By Jeffrey Dastin
WASHINGTON (Reuters) - The Obama administration has asked U.S. airlines for more information on their claims that Gulf carriers have received market-distorting subsidies, marking its first written response to U.S. airlines' lobbying effort, Reuters has learned.
The administration asked U.S. airline representatives about 20 questions in writing last week about their method in determining the subsidy allegations and about the market harm they say Gulf carriers have caused them, according to a person familiar with the matter.
U.S. airlines hope to provide the government answers within 10 days, the person said.
While the administration has not taken a stance, the request reflects the growing focus on the debate in Washington. The source said the questions were factual and did not suggest the administration was either swayed or skeptical.
Leaders in the U.S. House Committee on Transportation and Infrastructure have recently called on the administration to look into the allegations, while U.S. airlines repeated their request Tuesday for the United States to open talks with Qatar and the United Arab Emirates on the "Open Skies" agreements that authorize flying between the nations.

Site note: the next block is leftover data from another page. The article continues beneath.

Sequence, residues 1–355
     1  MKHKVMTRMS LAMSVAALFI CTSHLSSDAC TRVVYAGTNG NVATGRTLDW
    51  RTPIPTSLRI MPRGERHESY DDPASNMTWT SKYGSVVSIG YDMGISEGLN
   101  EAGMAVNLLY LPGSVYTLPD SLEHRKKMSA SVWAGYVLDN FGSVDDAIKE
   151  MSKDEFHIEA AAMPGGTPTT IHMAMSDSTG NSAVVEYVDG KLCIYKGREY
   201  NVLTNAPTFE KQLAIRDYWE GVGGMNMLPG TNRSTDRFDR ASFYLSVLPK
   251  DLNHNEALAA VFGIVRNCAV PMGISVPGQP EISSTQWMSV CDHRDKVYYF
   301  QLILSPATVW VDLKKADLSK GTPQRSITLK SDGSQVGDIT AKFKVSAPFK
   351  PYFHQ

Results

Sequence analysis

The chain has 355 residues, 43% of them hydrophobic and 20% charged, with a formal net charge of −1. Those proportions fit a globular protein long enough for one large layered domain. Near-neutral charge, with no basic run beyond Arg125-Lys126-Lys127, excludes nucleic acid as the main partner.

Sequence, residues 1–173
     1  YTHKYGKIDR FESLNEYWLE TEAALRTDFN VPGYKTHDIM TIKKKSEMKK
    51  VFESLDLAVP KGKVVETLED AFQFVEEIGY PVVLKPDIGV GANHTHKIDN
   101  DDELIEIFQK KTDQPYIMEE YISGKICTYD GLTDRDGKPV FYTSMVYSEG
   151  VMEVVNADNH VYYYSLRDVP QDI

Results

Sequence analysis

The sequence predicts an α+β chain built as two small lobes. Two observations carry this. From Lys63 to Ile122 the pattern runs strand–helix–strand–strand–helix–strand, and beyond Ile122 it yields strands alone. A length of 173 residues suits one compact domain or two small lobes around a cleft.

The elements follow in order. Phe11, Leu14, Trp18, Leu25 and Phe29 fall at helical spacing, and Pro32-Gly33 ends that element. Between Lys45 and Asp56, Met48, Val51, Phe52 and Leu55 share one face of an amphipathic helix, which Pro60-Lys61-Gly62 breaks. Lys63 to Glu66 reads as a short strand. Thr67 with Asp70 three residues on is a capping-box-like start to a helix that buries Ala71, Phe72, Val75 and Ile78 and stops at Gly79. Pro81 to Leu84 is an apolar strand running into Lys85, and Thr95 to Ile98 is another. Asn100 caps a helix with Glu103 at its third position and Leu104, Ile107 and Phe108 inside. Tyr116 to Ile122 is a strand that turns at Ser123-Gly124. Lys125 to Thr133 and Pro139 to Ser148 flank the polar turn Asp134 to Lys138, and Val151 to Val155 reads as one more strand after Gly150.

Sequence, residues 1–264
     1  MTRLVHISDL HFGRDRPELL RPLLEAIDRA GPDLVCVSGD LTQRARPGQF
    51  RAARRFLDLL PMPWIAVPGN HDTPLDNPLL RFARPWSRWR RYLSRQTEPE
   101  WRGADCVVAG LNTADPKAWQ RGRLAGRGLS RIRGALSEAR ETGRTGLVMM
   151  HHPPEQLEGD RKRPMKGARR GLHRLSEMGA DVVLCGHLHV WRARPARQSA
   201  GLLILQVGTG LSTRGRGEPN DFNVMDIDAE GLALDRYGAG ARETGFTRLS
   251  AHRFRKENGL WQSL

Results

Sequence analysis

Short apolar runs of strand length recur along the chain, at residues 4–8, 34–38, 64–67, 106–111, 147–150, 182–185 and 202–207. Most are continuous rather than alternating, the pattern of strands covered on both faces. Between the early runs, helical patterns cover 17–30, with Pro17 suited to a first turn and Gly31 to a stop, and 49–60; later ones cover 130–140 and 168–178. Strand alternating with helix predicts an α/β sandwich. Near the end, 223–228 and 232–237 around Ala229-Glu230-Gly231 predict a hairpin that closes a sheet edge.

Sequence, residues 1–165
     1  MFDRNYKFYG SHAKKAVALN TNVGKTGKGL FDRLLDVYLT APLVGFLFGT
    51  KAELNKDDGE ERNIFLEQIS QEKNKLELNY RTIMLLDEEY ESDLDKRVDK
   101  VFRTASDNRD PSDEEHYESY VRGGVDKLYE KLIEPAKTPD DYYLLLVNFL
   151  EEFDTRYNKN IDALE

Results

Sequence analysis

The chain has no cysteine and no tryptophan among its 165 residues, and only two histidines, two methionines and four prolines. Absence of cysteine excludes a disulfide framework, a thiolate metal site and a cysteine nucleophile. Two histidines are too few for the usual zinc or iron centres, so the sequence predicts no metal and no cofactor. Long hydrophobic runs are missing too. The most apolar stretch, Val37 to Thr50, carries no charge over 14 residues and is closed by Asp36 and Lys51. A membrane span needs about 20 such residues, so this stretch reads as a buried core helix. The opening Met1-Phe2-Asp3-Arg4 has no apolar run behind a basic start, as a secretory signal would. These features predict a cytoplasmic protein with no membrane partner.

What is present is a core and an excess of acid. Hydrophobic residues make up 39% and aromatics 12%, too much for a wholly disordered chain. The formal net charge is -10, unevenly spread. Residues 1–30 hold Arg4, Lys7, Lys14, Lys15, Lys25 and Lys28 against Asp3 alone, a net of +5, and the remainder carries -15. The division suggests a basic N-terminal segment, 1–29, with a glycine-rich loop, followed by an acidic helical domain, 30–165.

The Gulf carriers, meanwhile, have stepped up their defense.
"We make no apologies for offering new competitive choice for air travelers," Etihad Airways Chief Executive Officer James Hogan said in a speech on Tuesday, adding that the airline supports more than 200,000 U.S. jobs and is transparent about what he emphasized were loans, not subsidies, provided to it by the government of Abu Dhabi, its shareholder.
Emirates airline President Tim Clark said at a separate media event Tuesday that the U.S. airlines' allegations were incorrect and promised to provide a "line-by-line response" to their lobbying document.
Both said they are in touch with the Obama administration, and Clark said his meetings were "very constructive."
Kerry Humphrey, a spokesperson for the Economic and Business Affairs Bureau at the U.S. Department of State, reiterated that the administration takes the U.S. airlines' competition concerns seriously but remains "committed to the Open Skies policy," which has benefited travelers, the U.S. aviation industry and the U.S. economy.
"No decisions have been made," she said in an email.
(Reporting By Jeffrey Dastin in Washington; Editing by Ken Wills)